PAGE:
Doctor of Philosophy in Education
Sociocultural and Community-Based Approaches to Research and Education
The Sociocultural and Community-Based Approaches to Research and Education (SCA) specialization views education as contextual, dialogic, and relational. This interdisciplinary specialization draws from the social sciences, situated cognition, critical pedagogy, critical race theory, feminist theory, and disabilities studies to examine sociocultural, community-based, and equity issues in education. We recognize that learning is shaped by institutions, cultures, communities (including online communities), practices, technology, and histories, and we strive to prepare graduates who will engage teachers, educational leaders, policy makers, families, and students in the work of examining and developing equitable educational communities.
Students in this specialization
- Gain a rich understanding of the complex contextual, dialogic, and relational aspects of education and sociocultural issues affecting children, families, and communities.
- Develop equity literacy and learn how research related to race, ethnicity, gender, and disability can help create equitable models of education in diverse schools and communities.
- Conduct qualitative and mixed-methods research on contemporary educational issues of educational interventions.
In addition to the Doctoral Core Courses, the following specialization courses are required of all SCA students:
- EDUC 854: Topics in Equity in Education
- EDUC 855: Topics in Sociocultural Theories of Education
Note: EDUC 732: Community Based Practicum fits into the curriculum in lieu of a third specialization course.
Sample Course Schedules
Sample SCA course schedules for students who enter the PhD program in the following semesters are available through the links below.
All PhD students in SCA must complete the following additional requirements.
Methods Core Courses
Students in SCA must chose the following three qualitative methodology courses to satisfy the research Methods Core requirement.
- EDUC 852: Critical and Interpretive Methods in Education Research
- EDUC 858: Advanced Qualitative Research Methods
- EDUC 859: Ethnographic Research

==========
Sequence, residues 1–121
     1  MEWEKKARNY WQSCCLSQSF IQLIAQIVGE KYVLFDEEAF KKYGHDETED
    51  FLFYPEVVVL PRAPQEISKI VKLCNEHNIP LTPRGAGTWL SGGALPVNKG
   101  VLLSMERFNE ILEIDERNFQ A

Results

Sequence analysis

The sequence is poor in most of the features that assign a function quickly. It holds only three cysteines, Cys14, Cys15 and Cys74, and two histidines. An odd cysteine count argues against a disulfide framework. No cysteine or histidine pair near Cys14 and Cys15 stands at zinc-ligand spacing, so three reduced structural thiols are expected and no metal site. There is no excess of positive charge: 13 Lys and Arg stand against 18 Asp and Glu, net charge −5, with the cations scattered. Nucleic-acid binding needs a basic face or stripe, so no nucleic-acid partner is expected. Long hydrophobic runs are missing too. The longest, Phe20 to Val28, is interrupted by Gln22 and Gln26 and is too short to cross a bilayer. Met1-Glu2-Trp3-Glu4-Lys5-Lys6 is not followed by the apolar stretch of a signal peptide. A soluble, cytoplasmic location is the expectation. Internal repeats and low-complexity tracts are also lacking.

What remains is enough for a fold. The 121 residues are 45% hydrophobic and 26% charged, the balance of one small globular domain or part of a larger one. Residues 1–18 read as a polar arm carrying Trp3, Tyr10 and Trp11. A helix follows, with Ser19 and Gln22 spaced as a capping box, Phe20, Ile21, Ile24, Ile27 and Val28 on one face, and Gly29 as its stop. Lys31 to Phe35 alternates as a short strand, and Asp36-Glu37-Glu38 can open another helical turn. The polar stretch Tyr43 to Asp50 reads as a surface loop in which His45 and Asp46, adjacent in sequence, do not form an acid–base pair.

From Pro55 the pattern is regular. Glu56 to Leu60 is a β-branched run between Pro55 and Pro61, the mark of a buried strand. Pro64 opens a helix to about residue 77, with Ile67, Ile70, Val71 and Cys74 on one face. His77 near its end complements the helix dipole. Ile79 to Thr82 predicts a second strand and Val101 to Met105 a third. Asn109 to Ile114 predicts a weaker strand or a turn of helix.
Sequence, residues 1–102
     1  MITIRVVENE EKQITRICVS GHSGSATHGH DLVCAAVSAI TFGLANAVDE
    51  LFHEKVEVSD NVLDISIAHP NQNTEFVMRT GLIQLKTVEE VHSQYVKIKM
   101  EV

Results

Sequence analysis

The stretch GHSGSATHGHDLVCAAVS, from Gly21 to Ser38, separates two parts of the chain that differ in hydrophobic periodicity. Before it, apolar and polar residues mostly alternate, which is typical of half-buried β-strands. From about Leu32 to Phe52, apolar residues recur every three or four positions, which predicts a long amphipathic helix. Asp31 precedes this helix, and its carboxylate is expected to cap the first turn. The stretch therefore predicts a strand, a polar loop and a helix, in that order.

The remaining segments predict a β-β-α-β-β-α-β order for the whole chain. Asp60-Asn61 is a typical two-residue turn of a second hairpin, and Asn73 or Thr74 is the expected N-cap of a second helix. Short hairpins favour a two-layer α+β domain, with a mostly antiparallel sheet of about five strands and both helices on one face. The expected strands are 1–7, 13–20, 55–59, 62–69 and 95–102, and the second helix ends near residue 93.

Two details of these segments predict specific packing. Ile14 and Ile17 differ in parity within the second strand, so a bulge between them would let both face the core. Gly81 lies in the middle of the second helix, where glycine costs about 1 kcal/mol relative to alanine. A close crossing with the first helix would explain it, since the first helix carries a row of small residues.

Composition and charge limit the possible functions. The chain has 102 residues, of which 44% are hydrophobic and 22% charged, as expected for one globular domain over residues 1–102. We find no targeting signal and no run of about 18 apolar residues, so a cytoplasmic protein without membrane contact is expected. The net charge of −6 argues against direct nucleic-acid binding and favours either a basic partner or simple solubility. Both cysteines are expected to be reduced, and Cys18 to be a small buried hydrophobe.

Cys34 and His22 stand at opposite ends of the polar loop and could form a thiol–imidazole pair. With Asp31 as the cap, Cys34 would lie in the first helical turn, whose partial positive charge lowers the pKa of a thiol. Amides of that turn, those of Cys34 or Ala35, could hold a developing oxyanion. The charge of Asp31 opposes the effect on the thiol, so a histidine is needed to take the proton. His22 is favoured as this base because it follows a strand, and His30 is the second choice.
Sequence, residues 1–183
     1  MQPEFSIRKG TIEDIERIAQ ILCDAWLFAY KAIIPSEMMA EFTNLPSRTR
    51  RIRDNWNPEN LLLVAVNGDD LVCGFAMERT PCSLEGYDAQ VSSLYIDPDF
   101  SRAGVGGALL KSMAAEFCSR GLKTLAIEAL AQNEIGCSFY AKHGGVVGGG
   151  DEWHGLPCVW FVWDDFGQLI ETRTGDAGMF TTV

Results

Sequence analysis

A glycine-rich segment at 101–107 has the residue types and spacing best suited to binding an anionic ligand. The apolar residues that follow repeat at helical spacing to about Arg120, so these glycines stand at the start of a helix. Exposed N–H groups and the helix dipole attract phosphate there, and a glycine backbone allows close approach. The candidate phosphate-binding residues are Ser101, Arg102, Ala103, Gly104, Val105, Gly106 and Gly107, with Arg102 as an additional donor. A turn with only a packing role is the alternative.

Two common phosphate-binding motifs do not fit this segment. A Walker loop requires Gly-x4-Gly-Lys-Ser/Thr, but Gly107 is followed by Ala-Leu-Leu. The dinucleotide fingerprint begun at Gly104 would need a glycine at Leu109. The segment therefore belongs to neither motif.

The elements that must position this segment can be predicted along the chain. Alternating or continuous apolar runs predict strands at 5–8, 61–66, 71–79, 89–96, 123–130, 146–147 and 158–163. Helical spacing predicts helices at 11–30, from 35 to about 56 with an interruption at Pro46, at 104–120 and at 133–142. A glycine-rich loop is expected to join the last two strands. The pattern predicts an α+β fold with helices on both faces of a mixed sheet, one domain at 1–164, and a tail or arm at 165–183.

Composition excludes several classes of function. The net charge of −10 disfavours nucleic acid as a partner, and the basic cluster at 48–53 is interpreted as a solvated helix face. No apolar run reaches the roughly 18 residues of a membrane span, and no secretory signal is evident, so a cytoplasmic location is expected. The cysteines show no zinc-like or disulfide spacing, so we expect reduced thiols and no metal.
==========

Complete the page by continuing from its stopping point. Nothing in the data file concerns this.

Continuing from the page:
Specialization Area Exam
The Specialization Area Exam in SCA is designed to transition doctoral students from coursework to dissertation research. Although the exam has both formative and summative functions, we view this assessment more as formative, preparing for dissertation research, rather than summative, considering whether the student should stay in the program or not.
Students usually take the exam upon completion of their coursework and when they have developed ideas for their dissertation topic. We encourage but do not require students to enroll in a 3 credit Independent Study with their advisor in the semester when they will undertake the exam. Along with their advisor, the student will select the members of the specialization area exam committee. The committee will consist of three faculty members, including the student’s advisor and one additional faculty member from the SCA specialization area. The committee members may also serve on the student’s dissertation committee, but it is not required.
Please see the SCA Specialization Area Exam guidelines for complete information.
Our graduates accept academic positions in research universities, departments of education, and school districts, as well as positions in educational organizations, nonprofits, and community-based organizations.
For example, recent PhD in Education graduates with a SCA specialization have accepted positions at East Carolina University, Neumann University, Montessori Works, Delaware, and information technology companies (as educational content developers).
Our faculty hold grants from the National Science Foundation, the Institute of Education Sciences, and private foundations.
“Pursuing a doctoral degree in sociocultural and community-based (SCA) education has allowed me to conceptualize ways to center my interests in both theory and practice. My advisors have taught me how to collect and analyze community-based interview data as well as how to maintain the integrity of participant stories/voice in publications. I’ve also had the opportunity to co-author and co-present with each of them. Not only do my advisors support me academically but they also offer personal mentorship beyond the academics of graduate school.”